DLA HoF inductee Spera spent 42 years putting people first

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Navy Petty Officer 1st Class Daniel Garas 

Note: This is the fourth of five features on the five former DLA team members being inducted into the agency’s Hall of Fame in a July 31 ceremony.

 

Despite his career in technical innovations and electronic transitions, Thomas J. Spera insists that the most important factor in information technology will always be people.

“People come first, and they always will,” Spera said. “If you make time for them and try to address even their smallest concerns, then they will work for you.”

After four decades on the job, Spera’s legacy is defined by a leadership style of technical expertise and an insistence on putting people first. As a result, he will be inducted into the Defense Logistics Agency Hall of Fame on July 31 for his extraordinary leadership and support as the site director of DLA Information Operations Philadelphia.

Spera’s time with DLA began shortly after he left the Army, in which he served as a logistical specialist. After serving in Vietnam, he applied to Defense Supply Center Philadelphia’s automatic data processing department. The department would later go on to become part of DLA Information Operations. Spera’s decision led to a 42-year career and made him instrumental in carrying DLA Troop Support’s IT operations into the 21st century.

Former DLA Vice Director Mae DeVincentis cited Spera’s expertise in her nomination letter for the DLA Hall of Fame.

“From the days of punched cards to the days of the Blackberry, Tom was the stalwart in IT,” DeVincentis wrote. “Everyone on base knew that if you needed something done in IT, ask Tom.”

Spera sided with early proponents of laptops for portable computing and their potential to introduce practical teleworking at DLA Troop Support in the mid-1990s.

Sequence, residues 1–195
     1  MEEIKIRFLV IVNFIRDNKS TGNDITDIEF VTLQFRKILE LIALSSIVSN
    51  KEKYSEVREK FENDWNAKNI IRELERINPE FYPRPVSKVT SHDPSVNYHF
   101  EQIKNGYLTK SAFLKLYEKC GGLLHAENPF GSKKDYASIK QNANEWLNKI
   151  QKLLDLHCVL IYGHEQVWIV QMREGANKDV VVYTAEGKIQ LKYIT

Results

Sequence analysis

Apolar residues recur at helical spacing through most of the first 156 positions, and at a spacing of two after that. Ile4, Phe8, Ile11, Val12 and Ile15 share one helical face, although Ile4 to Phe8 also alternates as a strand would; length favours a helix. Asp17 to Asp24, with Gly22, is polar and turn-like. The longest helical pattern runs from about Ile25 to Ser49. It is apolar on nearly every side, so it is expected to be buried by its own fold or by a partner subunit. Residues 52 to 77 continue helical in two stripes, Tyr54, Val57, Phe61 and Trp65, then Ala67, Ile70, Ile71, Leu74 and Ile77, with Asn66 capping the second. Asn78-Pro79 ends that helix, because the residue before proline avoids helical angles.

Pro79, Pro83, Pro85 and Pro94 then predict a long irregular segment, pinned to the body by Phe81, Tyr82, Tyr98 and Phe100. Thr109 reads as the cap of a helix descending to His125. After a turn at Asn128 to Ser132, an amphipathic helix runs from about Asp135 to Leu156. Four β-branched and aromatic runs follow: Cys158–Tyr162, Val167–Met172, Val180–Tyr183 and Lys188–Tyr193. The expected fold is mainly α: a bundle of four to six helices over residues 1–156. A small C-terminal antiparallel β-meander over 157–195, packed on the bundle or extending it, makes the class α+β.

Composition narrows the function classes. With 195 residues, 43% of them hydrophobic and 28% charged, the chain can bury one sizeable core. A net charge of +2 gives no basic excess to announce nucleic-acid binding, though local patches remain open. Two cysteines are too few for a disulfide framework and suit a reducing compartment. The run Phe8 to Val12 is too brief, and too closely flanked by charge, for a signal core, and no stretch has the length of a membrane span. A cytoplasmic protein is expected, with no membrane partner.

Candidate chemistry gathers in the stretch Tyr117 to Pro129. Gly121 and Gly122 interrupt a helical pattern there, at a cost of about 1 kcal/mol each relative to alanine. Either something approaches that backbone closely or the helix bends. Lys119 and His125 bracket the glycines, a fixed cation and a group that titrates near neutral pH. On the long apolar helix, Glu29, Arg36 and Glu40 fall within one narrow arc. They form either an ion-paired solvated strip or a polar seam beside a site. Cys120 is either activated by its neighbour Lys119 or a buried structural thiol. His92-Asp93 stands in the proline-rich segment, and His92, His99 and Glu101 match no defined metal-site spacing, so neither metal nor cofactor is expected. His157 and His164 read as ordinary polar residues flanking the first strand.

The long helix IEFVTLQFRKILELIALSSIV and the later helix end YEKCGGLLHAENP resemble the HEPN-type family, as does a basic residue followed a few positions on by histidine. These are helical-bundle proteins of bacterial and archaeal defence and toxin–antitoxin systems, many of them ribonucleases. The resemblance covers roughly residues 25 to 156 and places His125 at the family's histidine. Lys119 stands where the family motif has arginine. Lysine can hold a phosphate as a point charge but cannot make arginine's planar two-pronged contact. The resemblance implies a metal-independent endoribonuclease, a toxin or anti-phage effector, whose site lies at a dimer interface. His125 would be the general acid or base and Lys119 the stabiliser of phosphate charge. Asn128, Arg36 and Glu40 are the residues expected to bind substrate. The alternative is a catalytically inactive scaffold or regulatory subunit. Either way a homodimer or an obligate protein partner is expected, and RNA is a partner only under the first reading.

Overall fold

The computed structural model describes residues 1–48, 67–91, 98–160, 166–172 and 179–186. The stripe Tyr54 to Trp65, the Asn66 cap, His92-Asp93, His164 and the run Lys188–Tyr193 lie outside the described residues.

The implementation of the program highlighted his forward thinking on technological issues and willingness to focus on employee welfare and care for his people.

“We had to convince them that this was a good thing,” Spera said. “I was convinced that you would get more productivity with a more comfortable employee.”

Although plans were initially met with resistance, he remained persistent and continued campaigning for the program until it was eventually approved.

Spera’s technical expertise and leadership was called on again when he helped DLA Troop Support prepare for the Y2K bug.

The massive effort to reprogram and modify existing operating software to provide uninterrupted services involved technical knowledge of various computer programs and the coordination of numerous employees.

“If we didn’t change a lot of programs then they would have malfunctioned and ruined customer requests,” Spera said “That would have been detrimental to operations.”

While he managed the operation, Spera said his employees’ expertise and dedication led to a successful and uneventful transition into the 21st century.

 “I didn’t know how to do every single little facet of the job, but I treated that person who did with a lot of high respect,” He said.

The success of that operation prepared him for his proudest accomplishment: the operationalization of DLA Information Operations. The merging of IT organizations at each of the agency’s field activities underneath one umbrella contained numerous challenges. Spera developed the organizational strategy that took a loose confederation of more than 3,100 staff members into an enterprise focused on its customers’ missions.

Larry Wilson, a former executive director of DLA Enterprise Solutions, wrote that Spera’s performance was brilliant.

“The organizational strategy he proposed lasted unchanged for a decade,” Wilson wrote in his nomination letter. “More importantly, the stability of that organizational strategy measurably improved J-6’s effectiveness in supporting transformational activities designed to improve our support to customers.”

Spera earned the respect and admiration of his employees by improving their quality of life through his people-first philosophy. After relocating and integrating his staff with the IT element that supported DSCP, Spera noticed subpar working conditions in the building.

His quick repair of things like leaking roofs, broken climate controls and more helped achieve the single greatest improvement in DLA Culture Survey results out of 11 field activities.

“Because of Tom’s vision and leadership, J-6 was able to implement enterprisewide change,” Wilson wrote. “And because of his respect for his workforce, its whole now exceeds the sum of its parts.”

Spera said he attributes his success to others.

“I didn’t do it myself,” he said. “All these people did it for me.”

When Spera, who is now retired, looks back on his 42-year career, he still believes that the job was all about people, he said.

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Thomas J. Spera, former site director of DLA Information Operations Philadelphia, will be inducted into the DLA Hall of Fame July 31.
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